Over the years, tourism to the tiny town of Dahab had been growing, but the industry came to a near halt after the April 2006 bombings.
More than two years later, with checkpoints and police stations cluttering the Sinai peninsula, visitors are returning to Dahab to enjoy the beauty of the Red Sea and relax in the tranquil town.
Situated on the northeast coast of the Sinai, about six hours from Cairo and a far cry from the commercialization of nearby Sharm El-Sheikh, Dahab lies on blue waters of the Gulf of Aqaba. Accommodations to fit every budget abound, from camps for the most frugal traveler to the flashy self-contained Hilton Resort. Snorkelers, sun worshippers, and desert enthusiasts can find plenty to do around Dahab, but the town’s true appeal lies in diving.
With over 20 unique dive sites in and around the town, warm water and clear visibility, diving conditions in Dahab are superb. Deciding who to dive with, one is spoiled for choice as an assortment of dive shops line Dahab’s boardwalk, catering to a wide selection of nationalities. English, French, Russian, and German-language shops tout trips to the dive-sites and offer courses from a one day Introduction Dive to the month-long Dive Master.
My diving experience started with the Open Water course, which is designed for people who have never been diving. It takes four days and upon certification one can dive anywhere in the world to 18 meters. The course began with an hour and a half of video tutorials explaining the theory and practice of diving, from what a tank is to how to breathe through the regulator.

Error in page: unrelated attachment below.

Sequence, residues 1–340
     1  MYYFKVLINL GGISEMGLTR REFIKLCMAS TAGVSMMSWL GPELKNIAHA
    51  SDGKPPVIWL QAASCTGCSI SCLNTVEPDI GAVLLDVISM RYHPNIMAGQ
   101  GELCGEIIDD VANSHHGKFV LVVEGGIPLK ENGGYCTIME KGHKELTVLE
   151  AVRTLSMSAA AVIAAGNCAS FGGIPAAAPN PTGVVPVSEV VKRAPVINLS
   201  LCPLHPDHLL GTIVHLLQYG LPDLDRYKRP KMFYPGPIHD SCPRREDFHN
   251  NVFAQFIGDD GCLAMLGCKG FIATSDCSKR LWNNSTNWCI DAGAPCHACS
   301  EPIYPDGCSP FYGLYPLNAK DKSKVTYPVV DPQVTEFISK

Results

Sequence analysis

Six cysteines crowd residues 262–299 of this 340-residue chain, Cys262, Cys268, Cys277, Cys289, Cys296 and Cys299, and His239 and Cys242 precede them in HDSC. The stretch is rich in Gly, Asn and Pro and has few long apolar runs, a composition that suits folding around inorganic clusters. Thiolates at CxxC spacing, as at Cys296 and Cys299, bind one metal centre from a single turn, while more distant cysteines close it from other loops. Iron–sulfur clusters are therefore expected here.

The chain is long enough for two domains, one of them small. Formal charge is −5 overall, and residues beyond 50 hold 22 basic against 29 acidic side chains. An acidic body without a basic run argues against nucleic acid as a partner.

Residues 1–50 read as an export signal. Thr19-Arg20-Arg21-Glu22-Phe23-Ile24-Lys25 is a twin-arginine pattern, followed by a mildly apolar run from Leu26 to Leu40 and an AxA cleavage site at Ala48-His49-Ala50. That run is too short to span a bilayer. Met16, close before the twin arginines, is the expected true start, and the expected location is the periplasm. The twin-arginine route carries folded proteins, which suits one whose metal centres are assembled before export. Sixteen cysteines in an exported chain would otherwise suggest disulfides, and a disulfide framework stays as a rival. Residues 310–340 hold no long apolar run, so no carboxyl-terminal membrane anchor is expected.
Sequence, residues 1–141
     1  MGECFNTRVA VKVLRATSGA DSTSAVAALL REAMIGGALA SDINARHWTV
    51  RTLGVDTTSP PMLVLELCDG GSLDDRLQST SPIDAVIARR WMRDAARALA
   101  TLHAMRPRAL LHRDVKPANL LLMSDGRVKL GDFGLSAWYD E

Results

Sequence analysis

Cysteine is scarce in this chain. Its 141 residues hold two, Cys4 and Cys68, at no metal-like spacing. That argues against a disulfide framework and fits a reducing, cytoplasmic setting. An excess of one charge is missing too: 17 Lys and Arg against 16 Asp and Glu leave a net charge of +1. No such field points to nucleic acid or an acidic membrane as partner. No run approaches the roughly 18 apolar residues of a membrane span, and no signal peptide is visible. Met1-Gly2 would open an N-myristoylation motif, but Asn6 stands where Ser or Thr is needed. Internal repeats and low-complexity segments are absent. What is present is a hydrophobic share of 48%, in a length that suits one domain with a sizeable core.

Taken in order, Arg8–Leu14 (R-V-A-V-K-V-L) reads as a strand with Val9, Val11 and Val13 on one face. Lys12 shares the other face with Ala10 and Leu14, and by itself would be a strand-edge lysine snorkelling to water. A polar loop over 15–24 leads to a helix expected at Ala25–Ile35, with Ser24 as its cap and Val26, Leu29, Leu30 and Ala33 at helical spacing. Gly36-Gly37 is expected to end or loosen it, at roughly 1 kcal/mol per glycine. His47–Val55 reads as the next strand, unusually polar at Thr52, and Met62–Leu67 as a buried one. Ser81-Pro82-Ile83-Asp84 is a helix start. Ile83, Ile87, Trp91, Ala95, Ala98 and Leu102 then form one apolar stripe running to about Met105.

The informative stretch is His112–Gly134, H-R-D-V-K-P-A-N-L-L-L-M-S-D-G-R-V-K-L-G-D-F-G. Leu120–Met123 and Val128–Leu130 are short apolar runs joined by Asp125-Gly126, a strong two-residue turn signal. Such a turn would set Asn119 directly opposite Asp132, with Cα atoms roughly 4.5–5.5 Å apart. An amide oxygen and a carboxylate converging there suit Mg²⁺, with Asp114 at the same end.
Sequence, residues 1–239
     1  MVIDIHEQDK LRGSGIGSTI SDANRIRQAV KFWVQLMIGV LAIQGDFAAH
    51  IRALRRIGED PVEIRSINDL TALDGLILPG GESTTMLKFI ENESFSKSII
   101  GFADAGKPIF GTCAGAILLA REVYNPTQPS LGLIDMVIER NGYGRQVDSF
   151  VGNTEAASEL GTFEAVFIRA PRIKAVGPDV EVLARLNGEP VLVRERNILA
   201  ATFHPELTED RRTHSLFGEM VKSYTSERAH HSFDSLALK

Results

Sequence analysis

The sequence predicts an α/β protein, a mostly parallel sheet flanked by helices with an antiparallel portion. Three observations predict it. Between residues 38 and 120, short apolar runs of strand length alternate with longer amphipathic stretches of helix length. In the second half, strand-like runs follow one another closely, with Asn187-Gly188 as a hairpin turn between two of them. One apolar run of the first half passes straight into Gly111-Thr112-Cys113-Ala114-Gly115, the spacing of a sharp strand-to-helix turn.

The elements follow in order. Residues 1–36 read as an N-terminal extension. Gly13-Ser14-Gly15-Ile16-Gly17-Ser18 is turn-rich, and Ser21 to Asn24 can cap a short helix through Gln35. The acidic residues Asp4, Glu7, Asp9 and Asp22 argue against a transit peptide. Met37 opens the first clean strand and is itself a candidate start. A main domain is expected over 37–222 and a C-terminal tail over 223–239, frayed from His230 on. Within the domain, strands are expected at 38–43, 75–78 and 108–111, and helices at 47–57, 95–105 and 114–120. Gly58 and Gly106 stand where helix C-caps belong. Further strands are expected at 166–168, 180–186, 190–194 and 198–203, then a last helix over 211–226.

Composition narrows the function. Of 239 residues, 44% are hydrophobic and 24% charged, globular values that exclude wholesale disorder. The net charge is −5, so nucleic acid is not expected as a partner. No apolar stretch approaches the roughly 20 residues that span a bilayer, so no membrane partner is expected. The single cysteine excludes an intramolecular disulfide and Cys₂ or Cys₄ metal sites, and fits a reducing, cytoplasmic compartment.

The next morning, I entered the water with my instructor and learned how to assemble my equipment, practicing underwater skills in a shallow section of the sea. I learned how to remove and recover the regulator, how to clear water from my mask, and other skills I might need in the event of an underwater emergency; then, we descended to 12 meters for my first dive. As ironic as it sounds, my initial glimpse of the ocean floor made me think I was swimming through an aquarium – hundreds of colorful fish encircled me and seemed even closer than they actually were, a trick of the plastic mask, the water, and the light. Three days later, I was a certified Open Water diver. I had become addicted and began my Advance Open Water course, which would allow me to dive to 30 meters and hone my underwater skills through a series of five specialized dives to different sites. With so many sites to choose from, diving in Dahab can easily become an obsession. Popular sites include the world famous Blue Hole, a hole in the ocean floor over 100 meters deep, surrounded by reef. The dive begins with descending head first through The Bells, a small hole in the reef which tunnels into open water on one side and reef on the other, and concludes with a short swim over the hole during which the only visibility is 360 degrees of blue. The Canyon contains an underwater cave, as divers descend into the darkness, the coral closes above their heads. The Lighthouse follows a reef teeming with fish around Dahab’s shore and makes for an interesting night-dive. The Eel Garden is a sandy area in which scores of garden eels creep out of the sand and stand, swaying in the water, vanishing when divers get too near. Dahab also offers plenty for those who are not interested in diving; many hotels in the area arrange snorkeling trips to the different diving sites. There are camel treks, horse rides, and nearby Bedouin villages to visit. Conditions are also ripe for wind surfing, while those wishing to spend their holiday worshipping the sun can find cafes with lounges serving cold fruit shakes meters away from the water.Two years after the deadly attacks, visitors are slowly returning to Dahab’s reefs. Hotel and dive shop owners agree, although it has yet to match the tourist flow of 2005, by offering a unique experience to descend into another world of fish and coral, Dahab is gradually reconstructing its image as a serene heaven for divers.